Pollution and deforestation from these practices inhibit the ability of citizens of affected areas to provide for themselves using their own natural resources and particularly impacts cultures that enjoy a close relationship with the natural environment, including many indigenous communities. Criminalizing the most egregious instances of these harmful practices would save countless lives. Not only do they contribute to or exacerbate the effects of climate change, which poses an existential threat to all life on earth, these practices inflict harm on countless individuals, human and animal alike.

A legal definition marks the first step towards making ecocide an international crime. For this to be accomplished, one or more ICC member states must propose an ecocide amendment to the Rome Statute before a meeting of the states parties to the Rome Statute. A majority vote at that meeting enables the amendment to enter into consideration. A Crime Review Conference may then be convened, or negotiation may progress via formal and informal discussion between representatives of states parties. Then, an agreement of two-thirds of the member states would be required to adopt the amendment into the Statute. Finally, countries must work to ratify and enforce the law within their respective domestic legislation. If this were to be accomplished, industries that have inflicted significant harm on humans and animals through environmental destruction and the governments that facilitate these harms may finally be held accountable.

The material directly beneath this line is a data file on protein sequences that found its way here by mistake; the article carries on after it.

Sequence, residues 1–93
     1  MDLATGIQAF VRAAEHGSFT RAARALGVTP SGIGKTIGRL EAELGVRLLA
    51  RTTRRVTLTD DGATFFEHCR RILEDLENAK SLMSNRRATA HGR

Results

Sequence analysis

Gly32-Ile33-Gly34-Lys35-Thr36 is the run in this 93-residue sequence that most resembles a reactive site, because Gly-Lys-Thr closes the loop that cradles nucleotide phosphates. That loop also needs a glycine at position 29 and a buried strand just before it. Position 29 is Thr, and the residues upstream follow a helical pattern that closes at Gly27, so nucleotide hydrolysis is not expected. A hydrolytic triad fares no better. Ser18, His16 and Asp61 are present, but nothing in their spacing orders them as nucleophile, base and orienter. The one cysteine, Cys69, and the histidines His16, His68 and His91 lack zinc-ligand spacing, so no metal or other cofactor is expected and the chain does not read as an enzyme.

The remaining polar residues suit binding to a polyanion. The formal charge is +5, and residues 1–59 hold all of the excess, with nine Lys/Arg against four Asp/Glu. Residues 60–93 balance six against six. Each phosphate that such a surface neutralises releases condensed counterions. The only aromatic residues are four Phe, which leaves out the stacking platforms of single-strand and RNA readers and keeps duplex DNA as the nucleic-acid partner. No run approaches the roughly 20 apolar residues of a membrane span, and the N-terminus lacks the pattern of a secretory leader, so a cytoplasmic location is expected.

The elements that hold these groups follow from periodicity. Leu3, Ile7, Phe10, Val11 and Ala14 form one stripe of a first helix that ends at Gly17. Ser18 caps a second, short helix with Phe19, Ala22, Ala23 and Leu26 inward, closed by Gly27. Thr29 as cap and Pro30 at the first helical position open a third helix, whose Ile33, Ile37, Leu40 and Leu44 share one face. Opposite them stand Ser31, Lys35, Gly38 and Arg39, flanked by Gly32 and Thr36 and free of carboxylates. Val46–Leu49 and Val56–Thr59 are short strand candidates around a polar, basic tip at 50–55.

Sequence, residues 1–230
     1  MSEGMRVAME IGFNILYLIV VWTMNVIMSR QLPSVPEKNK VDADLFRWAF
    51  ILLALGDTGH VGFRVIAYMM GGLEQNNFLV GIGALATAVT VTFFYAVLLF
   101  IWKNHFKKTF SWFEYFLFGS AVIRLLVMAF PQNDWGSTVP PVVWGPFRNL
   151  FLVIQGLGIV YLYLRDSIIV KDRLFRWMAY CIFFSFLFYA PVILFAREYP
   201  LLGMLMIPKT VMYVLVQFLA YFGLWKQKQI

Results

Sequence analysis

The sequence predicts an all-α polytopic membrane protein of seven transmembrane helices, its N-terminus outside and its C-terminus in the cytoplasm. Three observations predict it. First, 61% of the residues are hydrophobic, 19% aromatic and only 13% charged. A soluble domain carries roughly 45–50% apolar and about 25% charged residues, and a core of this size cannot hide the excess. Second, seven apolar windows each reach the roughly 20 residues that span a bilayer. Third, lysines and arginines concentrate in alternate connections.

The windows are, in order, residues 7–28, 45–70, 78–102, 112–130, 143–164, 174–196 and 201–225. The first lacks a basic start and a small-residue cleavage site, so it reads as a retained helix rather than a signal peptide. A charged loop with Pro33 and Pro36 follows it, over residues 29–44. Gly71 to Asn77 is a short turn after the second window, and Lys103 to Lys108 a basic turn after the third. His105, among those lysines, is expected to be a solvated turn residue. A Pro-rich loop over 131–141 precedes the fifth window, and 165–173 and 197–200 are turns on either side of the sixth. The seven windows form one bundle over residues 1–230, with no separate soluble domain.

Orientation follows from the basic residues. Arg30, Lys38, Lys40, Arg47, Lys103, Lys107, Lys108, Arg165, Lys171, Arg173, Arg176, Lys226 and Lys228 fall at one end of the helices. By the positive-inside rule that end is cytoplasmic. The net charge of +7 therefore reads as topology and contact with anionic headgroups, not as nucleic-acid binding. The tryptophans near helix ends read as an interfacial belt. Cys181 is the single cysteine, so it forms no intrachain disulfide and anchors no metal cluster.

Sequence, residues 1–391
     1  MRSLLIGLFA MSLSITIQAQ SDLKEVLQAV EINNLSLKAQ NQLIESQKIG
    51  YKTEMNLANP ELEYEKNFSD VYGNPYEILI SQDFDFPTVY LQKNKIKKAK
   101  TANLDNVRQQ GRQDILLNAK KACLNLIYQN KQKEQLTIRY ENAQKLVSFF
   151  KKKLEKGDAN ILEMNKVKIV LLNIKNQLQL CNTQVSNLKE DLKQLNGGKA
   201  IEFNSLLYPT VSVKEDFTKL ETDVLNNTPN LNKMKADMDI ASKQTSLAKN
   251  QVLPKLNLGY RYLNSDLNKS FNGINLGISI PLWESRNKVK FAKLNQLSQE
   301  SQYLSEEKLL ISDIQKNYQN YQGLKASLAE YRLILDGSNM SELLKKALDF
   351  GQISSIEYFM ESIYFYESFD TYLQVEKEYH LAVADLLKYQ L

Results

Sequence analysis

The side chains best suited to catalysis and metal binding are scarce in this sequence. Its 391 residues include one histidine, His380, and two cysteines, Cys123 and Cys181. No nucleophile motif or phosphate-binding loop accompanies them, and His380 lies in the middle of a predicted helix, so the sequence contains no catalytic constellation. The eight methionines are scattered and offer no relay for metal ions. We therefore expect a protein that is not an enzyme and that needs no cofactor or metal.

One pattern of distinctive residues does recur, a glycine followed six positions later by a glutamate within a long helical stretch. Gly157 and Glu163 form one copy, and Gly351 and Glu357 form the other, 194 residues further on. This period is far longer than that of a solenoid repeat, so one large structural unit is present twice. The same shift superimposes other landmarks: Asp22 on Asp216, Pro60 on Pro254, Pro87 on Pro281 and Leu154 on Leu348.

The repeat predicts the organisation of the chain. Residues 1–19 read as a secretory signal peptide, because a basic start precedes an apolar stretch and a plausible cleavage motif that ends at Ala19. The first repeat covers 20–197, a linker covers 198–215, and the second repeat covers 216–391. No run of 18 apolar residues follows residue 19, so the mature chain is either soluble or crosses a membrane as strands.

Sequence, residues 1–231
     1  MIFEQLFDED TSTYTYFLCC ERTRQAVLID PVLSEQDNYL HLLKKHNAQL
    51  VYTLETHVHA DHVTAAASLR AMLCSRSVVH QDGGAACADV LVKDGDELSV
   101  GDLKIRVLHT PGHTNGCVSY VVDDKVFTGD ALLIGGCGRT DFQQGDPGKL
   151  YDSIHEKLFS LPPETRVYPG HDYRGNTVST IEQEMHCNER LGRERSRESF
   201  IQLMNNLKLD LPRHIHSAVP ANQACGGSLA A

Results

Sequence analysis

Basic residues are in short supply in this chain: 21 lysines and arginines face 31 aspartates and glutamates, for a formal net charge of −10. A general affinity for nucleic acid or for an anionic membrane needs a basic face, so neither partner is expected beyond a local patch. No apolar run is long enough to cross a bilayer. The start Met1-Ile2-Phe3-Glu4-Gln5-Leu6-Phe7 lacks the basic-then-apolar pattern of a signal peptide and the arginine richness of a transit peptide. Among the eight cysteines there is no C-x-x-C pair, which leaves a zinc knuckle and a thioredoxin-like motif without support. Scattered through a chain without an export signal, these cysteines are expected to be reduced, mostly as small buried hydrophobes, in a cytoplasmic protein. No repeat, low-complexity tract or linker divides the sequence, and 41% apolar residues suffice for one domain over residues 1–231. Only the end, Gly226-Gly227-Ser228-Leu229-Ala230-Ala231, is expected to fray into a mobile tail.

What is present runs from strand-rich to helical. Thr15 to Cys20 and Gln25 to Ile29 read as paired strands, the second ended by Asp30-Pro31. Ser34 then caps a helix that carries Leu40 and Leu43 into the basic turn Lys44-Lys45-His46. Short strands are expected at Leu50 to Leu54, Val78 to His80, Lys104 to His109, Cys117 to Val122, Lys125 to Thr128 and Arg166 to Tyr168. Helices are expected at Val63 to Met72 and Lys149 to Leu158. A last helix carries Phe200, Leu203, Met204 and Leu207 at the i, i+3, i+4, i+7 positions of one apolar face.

II. United Kingdom 2021